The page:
BRASÍLIA: Brazil halved its 2017 economic growth forecast Wednesday, to 0.5 percent from 1.0 percent, indicating weaker confidence in a quick exit from the country’s worst recession in history.
The government had already scaled back its 2017 forecast last November from 1.6 percent. However, the finance ministry still remains bullish that Brazil’s economy will rebound, predicting 2.5 percent growth in 2018.
The less optimistic outlook for this year brings Brazil’s government into line with market expectations, which are for 0.48 percent growth in gross domestic produc—the broad measure of the economy’s output—and 2.5 percent in 2018.
Finance ministry official Fabio Kanczuk said Brazil’s fight back from more than two straight years of recession will bear fruit in the fourth quarter of this year when GDP growth will be 2.7 percent higher than during the same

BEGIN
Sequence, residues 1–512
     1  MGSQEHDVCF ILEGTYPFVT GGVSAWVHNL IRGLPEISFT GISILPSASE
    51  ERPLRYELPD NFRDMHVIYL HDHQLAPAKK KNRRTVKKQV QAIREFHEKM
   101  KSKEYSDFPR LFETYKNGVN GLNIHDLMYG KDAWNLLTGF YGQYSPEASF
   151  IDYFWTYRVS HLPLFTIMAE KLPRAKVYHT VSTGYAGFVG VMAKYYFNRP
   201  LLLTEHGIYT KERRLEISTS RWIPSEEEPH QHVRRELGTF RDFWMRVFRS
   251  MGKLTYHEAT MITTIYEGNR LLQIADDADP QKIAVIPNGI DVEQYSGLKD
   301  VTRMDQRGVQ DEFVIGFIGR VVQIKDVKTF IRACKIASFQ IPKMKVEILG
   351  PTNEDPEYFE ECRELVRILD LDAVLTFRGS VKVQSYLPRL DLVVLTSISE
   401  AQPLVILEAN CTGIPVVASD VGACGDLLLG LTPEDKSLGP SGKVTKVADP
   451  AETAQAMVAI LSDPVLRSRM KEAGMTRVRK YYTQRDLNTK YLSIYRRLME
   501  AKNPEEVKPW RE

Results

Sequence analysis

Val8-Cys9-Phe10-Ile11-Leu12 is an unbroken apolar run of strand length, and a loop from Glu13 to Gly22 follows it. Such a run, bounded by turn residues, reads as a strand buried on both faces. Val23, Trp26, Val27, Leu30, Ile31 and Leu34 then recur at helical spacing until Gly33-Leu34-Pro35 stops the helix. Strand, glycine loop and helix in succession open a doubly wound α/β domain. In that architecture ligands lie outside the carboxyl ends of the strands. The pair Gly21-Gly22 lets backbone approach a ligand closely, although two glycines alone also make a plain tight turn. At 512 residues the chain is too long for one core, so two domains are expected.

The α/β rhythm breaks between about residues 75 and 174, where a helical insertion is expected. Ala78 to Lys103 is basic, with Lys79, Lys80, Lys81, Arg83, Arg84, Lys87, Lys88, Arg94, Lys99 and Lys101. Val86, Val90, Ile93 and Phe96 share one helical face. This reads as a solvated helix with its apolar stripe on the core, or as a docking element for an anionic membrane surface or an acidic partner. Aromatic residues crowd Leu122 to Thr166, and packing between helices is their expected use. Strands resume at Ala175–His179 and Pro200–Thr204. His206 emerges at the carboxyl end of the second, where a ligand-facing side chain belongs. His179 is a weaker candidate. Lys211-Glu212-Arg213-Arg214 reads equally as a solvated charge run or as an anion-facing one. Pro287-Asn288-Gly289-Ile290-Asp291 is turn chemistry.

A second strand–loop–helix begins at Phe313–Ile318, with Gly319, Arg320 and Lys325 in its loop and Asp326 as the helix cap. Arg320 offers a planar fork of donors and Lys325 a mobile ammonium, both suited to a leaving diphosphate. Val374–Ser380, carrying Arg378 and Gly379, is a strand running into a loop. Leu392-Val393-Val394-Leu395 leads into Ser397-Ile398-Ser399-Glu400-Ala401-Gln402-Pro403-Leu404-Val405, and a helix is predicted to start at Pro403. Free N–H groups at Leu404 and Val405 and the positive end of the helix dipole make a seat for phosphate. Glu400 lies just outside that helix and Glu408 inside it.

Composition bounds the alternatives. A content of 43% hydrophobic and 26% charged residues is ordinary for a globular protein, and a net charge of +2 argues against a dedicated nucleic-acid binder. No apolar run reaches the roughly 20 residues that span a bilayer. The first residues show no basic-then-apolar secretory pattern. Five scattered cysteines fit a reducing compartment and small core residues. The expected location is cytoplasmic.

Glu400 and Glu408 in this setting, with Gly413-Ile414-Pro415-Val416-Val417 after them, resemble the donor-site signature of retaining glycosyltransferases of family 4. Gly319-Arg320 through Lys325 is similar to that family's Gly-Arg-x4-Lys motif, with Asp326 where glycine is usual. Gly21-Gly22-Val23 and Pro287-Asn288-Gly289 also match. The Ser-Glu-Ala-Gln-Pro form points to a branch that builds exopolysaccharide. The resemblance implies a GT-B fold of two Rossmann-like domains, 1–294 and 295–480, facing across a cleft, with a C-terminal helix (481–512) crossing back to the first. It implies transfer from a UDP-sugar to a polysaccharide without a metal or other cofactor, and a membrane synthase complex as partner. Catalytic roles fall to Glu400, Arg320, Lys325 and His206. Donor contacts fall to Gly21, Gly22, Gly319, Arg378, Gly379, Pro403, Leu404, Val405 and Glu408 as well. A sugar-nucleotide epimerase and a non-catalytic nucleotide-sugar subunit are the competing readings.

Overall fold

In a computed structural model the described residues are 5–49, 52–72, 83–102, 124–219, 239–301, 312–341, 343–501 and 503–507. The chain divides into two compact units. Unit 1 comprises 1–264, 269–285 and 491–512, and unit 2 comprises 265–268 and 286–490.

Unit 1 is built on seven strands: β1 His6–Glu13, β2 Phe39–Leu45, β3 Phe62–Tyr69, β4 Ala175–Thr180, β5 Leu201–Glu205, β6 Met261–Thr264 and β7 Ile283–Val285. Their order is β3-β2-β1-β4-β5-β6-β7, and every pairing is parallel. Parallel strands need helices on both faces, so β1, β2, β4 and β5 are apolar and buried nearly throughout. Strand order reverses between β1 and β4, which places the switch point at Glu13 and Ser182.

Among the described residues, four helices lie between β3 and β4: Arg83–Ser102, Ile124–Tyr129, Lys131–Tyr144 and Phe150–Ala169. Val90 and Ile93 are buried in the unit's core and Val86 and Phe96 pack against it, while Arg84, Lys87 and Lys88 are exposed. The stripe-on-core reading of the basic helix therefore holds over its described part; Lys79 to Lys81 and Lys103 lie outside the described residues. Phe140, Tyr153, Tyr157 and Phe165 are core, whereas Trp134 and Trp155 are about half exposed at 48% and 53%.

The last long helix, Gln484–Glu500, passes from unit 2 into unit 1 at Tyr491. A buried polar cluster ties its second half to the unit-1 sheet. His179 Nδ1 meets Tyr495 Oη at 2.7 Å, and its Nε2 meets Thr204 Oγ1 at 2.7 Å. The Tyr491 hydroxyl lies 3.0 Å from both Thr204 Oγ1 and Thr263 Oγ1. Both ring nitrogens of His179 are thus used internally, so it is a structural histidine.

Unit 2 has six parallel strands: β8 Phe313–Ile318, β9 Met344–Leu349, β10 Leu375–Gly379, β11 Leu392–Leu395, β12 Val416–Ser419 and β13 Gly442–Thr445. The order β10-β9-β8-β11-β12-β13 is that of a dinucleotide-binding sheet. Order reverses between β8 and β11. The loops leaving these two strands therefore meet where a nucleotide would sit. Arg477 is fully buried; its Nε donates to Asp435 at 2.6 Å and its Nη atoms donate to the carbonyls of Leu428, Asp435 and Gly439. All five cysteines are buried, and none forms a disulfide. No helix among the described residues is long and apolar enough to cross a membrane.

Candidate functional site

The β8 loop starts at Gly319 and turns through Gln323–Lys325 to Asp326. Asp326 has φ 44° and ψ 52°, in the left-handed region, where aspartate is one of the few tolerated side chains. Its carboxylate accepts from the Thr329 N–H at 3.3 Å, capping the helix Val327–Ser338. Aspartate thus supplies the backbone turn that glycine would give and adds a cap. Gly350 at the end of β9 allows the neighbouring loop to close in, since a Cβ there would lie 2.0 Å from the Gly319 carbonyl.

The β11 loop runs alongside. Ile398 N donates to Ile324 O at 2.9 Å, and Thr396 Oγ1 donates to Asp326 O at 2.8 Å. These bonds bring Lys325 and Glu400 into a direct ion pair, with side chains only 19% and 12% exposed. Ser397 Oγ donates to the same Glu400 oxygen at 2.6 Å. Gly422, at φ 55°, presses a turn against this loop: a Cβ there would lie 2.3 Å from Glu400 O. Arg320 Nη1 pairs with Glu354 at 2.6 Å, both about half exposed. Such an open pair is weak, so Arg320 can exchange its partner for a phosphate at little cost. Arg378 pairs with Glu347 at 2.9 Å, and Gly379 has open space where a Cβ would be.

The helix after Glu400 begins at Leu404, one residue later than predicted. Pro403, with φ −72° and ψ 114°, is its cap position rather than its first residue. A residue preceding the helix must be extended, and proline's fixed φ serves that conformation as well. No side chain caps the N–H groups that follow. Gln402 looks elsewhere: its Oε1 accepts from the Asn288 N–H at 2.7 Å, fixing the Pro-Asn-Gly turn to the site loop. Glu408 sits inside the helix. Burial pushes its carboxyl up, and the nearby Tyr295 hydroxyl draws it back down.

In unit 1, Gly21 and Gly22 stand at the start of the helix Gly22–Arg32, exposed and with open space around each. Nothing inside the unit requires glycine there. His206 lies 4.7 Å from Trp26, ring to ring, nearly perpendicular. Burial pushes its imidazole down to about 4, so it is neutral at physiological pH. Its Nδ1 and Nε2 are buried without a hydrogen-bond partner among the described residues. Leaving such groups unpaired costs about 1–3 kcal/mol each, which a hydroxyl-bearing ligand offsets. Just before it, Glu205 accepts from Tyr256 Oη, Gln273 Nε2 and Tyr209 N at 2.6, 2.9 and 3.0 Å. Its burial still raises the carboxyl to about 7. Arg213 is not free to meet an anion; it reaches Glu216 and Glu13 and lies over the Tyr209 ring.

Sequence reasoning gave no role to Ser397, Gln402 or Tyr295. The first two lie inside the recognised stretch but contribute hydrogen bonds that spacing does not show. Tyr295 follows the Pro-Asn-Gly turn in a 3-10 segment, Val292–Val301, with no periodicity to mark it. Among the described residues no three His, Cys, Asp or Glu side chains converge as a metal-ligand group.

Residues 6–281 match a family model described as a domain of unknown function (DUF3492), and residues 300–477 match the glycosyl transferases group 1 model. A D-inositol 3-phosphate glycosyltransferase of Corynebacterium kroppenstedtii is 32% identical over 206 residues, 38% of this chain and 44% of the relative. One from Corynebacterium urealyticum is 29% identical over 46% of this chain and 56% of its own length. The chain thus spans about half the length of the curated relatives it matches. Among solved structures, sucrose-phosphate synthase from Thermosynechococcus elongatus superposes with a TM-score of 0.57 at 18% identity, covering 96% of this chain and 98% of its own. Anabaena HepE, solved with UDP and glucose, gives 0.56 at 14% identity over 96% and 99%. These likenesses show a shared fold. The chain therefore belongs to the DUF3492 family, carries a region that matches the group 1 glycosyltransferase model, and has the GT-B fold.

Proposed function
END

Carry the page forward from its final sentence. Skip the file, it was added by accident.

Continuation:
period last year.
“This 2.7 percent is more important” as a signal that the economy is “growing robustly,” he said.
Good news was also expected by the government on the inflation front, where the rate was until recently stubbornly high.
According to the finance ministry, prices will increase 4.3 percent over 2017, less than the previous estimate of 4.7 percent and below the target of 4.5 percent.